Imagine Raymond Carver’s writing sensibilities overlaid with Edward Hopper’s art (or vice versa) and the end result might be Adrian Tomine’s graphic short stories: they are serious literature in a graphic form. Tomine’s work is spare yet dense and every image and word counts. His new collection brings together six interconnected, yet stylistically diverse stories.
Out on the Wire opens with words from Ira Glass.
Penguin Random House
Out On the Wire
By Jessica Abel
Published August 25 by Broadway Books
Abel draws a behind the scenes look at the process of making narrative radio. Entertaining interviews with the creators of This American Life, Radiolab, Planet Money and others, are translated into comics, which work amazing well to show the stories of the stories we love to hear. Abel is the co-author of two texts on making comics; she’s made this book a great resource for those who wish to produce narrative radio.
Peter Kuper draws on his experiences living in Oaxaca for Ruins.
By Peter Kuper
Published in September by SelfMadeHero
Kuper, the author of a dozen graphic novels and creator since 1997 of “Spy vs. Spy” for Mad Magazine, has mined his own experience of living in the Oaxaca for this story of survival and regeneration. Samantha and George, a couple poised for the adventure of a year’s sabbatical in Mexico, encounter unexpected personal and political events. The multi-generational monarch butterfly migrations serve as overarching observers to the tale.
By Ted Rall
Published August 25 by Seven Stories
Pulitzer finalist Rall (whom we interviewed in 2012) stirs the pot again with a graphic biography of Edward Snowden that illuminates Snowden’s life, speculates on the reasons for his choice to steal government files, documents his flight to Russia and explains surveillance technology in layman’s terms. Includes 20 pages of end notes.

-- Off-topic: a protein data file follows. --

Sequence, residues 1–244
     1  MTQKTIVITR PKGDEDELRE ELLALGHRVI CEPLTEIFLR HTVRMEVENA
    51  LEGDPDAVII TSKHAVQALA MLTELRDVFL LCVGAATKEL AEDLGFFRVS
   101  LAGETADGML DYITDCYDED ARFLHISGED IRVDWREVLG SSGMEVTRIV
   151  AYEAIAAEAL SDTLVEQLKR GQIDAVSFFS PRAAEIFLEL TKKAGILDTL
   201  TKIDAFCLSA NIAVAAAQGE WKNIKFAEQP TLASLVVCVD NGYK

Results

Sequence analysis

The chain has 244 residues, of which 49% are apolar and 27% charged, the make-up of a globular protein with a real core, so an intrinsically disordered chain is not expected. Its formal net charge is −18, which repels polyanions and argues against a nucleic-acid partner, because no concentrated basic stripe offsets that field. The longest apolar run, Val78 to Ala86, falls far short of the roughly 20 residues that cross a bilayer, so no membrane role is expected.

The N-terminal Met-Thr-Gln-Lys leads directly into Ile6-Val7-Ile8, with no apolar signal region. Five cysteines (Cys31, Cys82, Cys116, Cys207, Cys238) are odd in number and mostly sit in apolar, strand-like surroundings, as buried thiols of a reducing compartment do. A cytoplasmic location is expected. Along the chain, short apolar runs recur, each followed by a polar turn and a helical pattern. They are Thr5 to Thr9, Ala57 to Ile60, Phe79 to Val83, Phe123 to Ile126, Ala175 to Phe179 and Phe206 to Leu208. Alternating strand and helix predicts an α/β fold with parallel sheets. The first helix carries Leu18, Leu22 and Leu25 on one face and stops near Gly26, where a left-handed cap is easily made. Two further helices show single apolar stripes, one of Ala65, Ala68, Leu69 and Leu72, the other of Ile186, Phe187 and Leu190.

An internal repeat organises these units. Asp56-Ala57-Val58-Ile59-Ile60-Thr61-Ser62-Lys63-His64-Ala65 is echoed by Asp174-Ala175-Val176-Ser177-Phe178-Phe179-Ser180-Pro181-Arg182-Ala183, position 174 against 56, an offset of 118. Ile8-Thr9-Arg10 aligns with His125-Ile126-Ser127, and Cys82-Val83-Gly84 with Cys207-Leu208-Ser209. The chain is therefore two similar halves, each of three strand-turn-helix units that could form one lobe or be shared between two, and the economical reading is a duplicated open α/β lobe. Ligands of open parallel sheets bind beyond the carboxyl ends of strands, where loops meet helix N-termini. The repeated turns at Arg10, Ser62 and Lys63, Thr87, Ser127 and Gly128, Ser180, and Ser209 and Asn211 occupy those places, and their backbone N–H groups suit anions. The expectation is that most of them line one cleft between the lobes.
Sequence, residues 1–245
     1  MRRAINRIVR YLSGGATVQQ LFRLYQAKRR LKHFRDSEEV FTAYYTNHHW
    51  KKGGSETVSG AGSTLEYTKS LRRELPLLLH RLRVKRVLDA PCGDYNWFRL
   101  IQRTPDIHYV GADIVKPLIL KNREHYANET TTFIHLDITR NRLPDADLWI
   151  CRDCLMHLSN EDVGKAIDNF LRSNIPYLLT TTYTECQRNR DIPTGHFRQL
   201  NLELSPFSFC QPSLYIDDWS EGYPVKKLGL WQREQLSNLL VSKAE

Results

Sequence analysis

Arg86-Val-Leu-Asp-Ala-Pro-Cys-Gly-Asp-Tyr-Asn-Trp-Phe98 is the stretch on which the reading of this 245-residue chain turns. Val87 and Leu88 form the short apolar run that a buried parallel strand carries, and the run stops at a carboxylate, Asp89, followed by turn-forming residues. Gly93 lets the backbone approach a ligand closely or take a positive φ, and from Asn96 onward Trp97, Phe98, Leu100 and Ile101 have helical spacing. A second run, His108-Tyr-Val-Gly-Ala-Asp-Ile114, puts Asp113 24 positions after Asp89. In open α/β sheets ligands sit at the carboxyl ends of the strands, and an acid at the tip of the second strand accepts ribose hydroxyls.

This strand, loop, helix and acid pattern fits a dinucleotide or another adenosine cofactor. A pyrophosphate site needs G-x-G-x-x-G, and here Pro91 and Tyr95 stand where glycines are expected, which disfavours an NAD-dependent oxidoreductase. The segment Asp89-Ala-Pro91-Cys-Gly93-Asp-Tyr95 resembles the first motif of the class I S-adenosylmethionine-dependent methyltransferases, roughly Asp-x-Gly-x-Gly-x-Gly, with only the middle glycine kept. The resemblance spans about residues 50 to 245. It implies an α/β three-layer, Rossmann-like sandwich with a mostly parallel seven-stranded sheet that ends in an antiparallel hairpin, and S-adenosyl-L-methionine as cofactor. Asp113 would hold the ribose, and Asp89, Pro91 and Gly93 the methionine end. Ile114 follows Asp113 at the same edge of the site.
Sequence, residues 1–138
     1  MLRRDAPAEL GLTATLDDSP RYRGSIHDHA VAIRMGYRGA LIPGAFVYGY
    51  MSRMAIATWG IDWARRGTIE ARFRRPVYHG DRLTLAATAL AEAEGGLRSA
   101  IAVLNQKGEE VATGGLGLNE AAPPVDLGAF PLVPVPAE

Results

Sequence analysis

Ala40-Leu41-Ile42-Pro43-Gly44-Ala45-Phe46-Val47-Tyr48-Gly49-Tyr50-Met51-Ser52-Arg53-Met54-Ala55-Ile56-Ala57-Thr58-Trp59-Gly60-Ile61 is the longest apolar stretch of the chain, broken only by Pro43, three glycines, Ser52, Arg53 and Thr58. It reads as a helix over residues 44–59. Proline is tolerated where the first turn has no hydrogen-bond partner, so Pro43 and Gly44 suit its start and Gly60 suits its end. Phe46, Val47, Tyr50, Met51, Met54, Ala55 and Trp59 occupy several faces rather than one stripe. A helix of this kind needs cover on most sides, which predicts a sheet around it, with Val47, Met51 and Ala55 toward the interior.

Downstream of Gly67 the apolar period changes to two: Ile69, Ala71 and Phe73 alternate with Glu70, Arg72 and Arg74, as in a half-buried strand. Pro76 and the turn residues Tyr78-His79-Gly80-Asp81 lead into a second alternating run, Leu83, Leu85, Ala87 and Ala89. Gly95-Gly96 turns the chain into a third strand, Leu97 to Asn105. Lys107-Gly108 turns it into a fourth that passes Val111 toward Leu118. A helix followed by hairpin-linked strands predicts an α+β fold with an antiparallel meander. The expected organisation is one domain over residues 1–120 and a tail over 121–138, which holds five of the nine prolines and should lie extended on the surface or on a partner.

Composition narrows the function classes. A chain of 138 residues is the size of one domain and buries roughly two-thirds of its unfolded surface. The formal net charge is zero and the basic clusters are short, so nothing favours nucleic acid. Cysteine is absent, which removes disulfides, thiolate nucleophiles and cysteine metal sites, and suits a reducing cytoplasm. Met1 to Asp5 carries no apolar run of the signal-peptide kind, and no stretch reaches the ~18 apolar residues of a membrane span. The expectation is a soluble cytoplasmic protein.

Kate Beaton's second collection of cartoons is out this fall.
Drawn + Quarterly
Step Aside, Pops: A Hark! A Vagrant Collection
By Kate Beaton
Published September 22 by Drawn & Quarterly
Collection number two of Canadian cartoonist Beaton’s highly popular literary and historical cartoon series. Number one spent five months on the NYT bestseller list and topped several best of lists. This one visits chauvinism, noir film tropes, the classic Japanese novel Kokoro and more, with Beaton’s signature dry-as-a- bone humor.
Jennifer Hayden tells the story of, well, her tits.
The Story of My Tits
By Jennifer Hayden
Published July 15 by Top Shelf
Hayden, who came to comics after writing fiction and illustrating children’s books, was diagnosed with breast cancer at 43. It was then she realized that her tits encompassed her story of self: hope and fear, pride and embarrassment, life and death. Hayden’s previous work has been excerpted in Best American comics.
By Derf Backderf
Published November 3 by Abrams ComicArts
If Beckderf can make an enjoyable (yes, it really was!) and best selling graphic novel about his friendship with mass murderer Jeffrey Dahmer, you can bet that he’ll be able to handle a story based on his years as a trash collector and the role of trash in our society.